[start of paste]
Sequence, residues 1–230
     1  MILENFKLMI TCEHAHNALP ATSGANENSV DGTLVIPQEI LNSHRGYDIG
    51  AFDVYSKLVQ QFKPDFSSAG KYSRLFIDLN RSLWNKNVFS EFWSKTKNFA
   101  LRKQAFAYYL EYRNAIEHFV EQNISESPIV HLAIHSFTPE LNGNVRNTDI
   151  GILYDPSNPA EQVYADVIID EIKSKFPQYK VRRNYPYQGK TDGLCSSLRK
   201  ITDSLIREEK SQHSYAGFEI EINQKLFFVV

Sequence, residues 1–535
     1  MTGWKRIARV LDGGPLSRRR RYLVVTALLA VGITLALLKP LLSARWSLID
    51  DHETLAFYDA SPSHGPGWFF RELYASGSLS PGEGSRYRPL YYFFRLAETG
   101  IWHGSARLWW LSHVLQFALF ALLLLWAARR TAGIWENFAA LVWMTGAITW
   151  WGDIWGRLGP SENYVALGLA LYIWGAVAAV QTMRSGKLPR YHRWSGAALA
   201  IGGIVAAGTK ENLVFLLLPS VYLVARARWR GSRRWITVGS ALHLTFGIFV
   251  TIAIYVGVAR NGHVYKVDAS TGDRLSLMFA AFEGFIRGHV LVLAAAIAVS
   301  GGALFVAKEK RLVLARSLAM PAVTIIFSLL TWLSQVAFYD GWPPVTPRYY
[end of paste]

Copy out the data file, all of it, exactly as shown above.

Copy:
Sequence, residues 1–230
     1  MILENFKLMI TCEHAHNALP ATSGANENSV DGTLVIPQEI LNSHRGYDIG
    51  AFDVYSKLVQ QFKPDFSSAG KYSRLFIDLN RSLWNKNVFS EFWSKTKNFA
   101  LRKQAFAYYL EYRNAIEHFV EQNISESPIV HLAIHSFTPE LNGNVRNTDI
   151  GILYDPSNPA EQVYADVIID EIKSKFPQYK VRRNYPYQGK TDGLCSSLRK
   201  ITDSLIREEK SQHSYAGFEI EINQKLFFVV

Sequence, residues 1–535
     1  MTGWKRIARV LDGGPLSRRR RYLVVTALLA VGITLALLKP LLSARWSLID
    51  DHETLAFYDA SPSHGPGWFF RELYASGSLS PGEGSRYRPL YYFFRLAETG
   101  IWHGSARLWW LSHVLQFALF ALLLLWAARR TAGIWENFAA LVWMTGAITW
   151  WGDIWGRLGP SENYVALGLA LYIWGAVAAV QTMRSGKLPR YHRWSGAALA
   201  IGGIVAAGTK ENLVFLLLPS VYLVARARWR GSRRWITVGS ALHLTFGIFV
   251  TIAIYVGVAR NGHVYKVDAS TGDRLSLMFA AFEGFIRGHV LVLAAAIAVS
   301  GGALFVAKEK RLVLARSLAM PAVTIIFSLL TWLSQVAFYD GWPPVTPRYY